• Moulin Rouge! (2001) (Filmed in Sydney with an Australian director, Baz Luhrmann, but about French characters (albeit many played by Australian actors) in Paris)
  • The Matrix and sequels (Sci-Fi film set in the USA with US characters, writers and directors)
  • Superman Returns (Partly filmed at Fox Studios in Sydney, but set in America with American characters)
  • Star Wars 2 & 3 (Both partly filmed at Fox Studios in Sydney, but about American characters in space)
  • Dark City (partly filmed at Fox Studios in Sydney)
  • The Great Gatsby (2013) (Filmed in Sydney with an Australian director, Baz Luhrmann, but set in the USA, with no Australian characters)
  • Predestination (2014) (Filmed in Melbourne but set in the USA, with no Australian characters, though with two Australian actors, Sarah Snook and Noah Taylor)

Films set in Australia, but not mainly about Australian characters

  • On the Beach (1959) (A film about Americans in Australia after a nuclear war)
  • Mission Impossible II (All main characters are Americans, though part of the film is set in Sydney)
  • Salaam Namaste (2005) (A Bollywood film set in Melbourne – the main characters are all Indian)

[PAGE UPDATED 10 JAN 2017]

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5 Comments Add yours

  1. Great blog, well done. The definitions are fine as far as typology and taxonomy goes, but there is a kind of ‘pub test’ where despite not meeting a particular criterion you have set, the film is generally regarded as Australian. The Light Between Oceans is an example; while no Aussie is a star, it is an Aussie film thematically and narratively. I would not lock down the definitions quite so tightly and allow some slack to accommodate those at the fringe. Will keep in touch.

    Liked by 2 people

    1. ozflicks says:

      Hi Cinemuse. Thanks for your insightful comment. You spotted perhaps the weakest link in my attempt at a definition. There are so many hazy lines to be drawn and each of them will annoy someone. My stipulation for an Australian lead actor was an attempt to exclude the poor Summer of the Seventeenth Doll (1959) and the odd Sundowners (1960) which both feel more American than Australian, despite telling Australian stories. However in both of these cases, plus the better Age of Consent and The Light Between The Oceans (which I also excluded due to their lack of an Australian lead actor) the films were based on stories by Australians, which does really boost their claims to be considered Australian films.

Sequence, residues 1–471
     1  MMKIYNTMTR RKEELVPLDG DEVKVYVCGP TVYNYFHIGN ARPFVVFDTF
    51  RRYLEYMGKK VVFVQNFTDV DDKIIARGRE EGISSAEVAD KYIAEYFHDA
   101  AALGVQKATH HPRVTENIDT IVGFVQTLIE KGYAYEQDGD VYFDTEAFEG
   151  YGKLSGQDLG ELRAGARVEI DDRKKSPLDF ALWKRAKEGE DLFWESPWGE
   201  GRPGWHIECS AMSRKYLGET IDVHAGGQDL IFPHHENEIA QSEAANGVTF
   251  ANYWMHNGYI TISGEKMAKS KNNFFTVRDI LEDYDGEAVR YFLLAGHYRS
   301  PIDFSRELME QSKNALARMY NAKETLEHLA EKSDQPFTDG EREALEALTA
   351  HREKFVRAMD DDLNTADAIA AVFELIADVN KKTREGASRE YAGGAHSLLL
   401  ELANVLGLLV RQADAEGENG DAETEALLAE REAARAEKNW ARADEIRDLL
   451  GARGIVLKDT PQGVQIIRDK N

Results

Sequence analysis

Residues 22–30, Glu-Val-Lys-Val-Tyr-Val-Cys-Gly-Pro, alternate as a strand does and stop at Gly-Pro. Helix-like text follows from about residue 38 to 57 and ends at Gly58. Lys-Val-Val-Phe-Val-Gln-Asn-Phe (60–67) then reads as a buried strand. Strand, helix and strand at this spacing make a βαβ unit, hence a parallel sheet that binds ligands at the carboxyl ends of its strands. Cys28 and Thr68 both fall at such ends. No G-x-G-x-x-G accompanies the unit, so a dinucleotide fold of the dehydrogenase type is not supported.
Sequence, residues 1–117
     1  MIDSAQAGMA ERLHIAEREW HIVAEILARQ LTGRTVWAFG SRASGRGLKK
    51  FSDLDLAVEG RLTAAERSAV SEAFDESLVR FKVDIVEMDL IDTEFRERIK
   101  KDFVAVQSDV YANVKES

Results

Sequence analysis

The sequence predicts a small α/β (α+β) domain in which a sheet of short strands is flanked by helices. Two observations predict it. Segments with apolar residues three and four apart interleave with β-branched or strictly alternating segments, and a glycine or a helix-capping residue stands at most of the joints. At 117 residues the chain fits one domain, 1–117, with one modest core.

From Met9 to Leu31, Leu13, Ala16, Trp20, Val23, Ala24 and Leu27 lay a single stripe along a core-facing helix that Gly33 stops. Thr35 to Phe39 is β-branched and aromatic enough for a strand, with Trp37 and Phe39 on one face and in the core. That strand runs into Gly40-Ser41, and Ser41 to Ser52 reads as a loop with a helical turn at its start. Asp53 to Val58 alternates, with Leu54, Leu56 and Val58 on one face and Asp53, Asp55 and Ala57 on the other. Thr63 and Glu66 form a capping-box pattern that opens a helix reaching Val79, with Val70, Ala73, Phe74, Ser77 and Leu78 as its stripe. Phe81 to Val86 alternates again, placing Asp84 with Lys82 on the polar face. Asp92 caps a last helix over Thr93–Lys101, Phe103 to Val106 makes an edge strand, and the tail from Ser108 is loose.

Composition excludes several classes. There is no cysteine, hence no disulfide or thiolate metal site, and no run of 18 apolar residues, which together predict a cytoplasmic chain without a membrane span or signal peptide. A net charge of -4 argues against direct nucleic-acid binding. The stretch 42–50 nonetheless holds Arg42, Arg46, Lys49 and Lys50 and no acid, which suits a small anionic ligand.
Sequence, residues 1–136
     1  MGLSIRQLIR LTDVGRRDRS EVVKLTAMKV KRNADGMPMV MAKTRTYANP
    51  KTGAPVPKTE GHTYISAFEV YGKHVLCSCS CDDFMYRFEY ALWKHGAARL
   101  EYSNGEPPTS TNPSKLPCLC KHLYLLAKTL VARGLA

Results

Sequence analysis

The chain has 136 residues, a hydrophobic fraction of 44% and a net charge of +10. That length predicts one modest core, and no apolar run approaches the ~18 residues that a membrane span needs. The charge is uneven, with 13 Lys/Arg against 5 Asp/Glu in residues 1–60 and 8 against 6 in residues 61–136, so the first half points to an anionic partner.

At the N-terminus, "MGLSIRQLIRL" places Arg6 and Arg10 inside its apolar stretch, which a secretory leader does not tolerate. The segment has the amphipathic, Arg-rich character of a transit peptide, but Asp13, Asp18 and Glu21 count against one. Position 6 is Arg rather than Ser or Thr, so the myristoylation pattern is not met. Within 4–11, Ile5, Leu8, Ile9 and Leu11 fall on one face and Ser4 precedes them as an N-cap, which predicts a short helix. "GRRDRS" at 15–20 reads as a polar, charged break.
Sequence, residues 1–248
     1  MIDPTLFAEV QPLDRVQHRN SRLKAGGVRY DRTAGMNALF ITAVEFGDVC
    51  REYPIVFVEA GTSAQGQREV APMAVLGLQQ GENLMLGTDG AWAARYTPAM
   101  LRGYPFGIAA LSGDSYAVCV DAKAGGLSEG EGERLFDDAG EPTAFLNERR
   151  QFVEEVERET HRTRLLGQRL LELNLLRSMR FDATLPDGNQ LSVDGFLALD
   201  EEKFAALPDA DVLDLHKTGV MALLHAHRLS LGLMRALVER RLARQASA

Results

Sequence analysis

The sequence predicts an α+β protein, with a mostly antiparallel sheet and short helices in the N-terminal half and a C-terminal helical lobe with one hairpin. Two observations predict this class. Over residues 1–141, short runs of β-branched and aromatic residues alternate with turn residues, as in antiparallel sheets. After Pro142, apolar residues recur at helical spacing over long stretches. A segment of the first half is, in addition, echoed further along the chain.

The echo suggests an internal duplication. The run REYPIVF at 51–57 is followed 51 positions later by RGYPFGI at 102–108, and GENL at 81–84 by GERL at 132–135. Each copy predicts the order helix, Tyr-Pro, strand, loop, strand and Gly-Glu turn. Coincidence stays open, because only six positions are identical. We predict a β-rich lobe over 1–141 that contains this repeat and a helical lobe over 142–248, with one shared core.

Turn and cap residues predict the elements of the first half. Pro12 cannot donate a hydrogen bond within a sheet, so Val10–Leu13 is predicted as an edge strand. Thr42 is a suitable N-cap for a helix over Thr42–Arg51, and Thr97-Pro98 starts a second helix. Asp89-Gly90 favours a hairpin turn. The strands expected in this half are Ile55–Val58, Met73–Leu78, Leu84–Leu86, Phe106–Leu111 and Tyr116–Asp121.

So, on reconsideration, and in consultation with my colleagues at the Henson Park Hotel, I think I’ll go with a new ‘Marrickville Compromise’, viz. ‘Ozflicks’ main criteria for calling a film ‘Australian’ for the purpose of the this blog is that it tells a story about Australia or Australians, that at least one of the main characters is an Australian AND THAT IT HAS AN AUSTRALIAN WRITER, LEAD ACTOR AND/OR DIRECTOR.’ Thanks for your assistance in nailing this down. It’ll only add a small number of films to my list, but I think it is better.

      Liked by 1 person

  2. Most real-world taxonomies have to accommodate exceptions as well as delineate your sphere of interest. So my point is that expressing your critiera as general principles gives you some room to move. Your criterion of “THAT IT HAS AN AUSTRALIAN WRITER, LEAD ACTOR AND/OR DIRECTOR.’” may still prove too inflexibile.

    Films are cultural artefacts, and thus have living and organic relationship to their social environment. So whatever policy framework you set, you should bear in mind that films are not finite like locktight lego pieces. Australian-ness is often in the eye of the beholder and that can be more important than taxonomic logic.

    Nice chatt’n to ya.

    Liked by 1 person